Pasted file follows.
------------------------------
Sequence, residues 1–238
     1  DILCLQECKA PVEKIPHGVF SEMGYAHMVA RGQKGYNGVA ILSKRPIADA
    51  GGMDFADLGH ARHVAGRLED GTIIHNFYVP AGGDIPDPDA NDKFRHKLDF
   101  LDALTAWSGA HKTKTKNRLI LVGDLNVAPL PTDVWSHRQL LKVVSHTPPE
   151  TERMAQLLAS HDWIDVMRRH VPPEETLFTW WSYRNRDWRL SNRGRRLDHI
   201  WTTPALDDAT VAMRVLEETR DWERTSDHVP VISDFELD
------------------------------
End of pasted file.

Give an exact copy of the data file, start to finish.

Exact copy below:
Sequence, residues 1–238
     1  DILCLQECKA PVEKIPHGVF SEMGYAHMVA RGQKGYNGVA ILSKRPIADA
    51  GGMDFADLGH ARHVAGRLED GTIIHNFYVP AGGDIPDPDA NDKFRHKLDF
   101  LDALTAWSGA HKTKTKNRLI LVGDLNVAPL PTDVWSHRQL LKVVSHTPPE
   151  TERMAQLLAS HDWIDVMRRH VPPEETLFTW WSYRNRDWRL SNRGRRLDHI
   201  WTTPALDDAT VAMRVLEETR DWERTSDHVP VISDFELD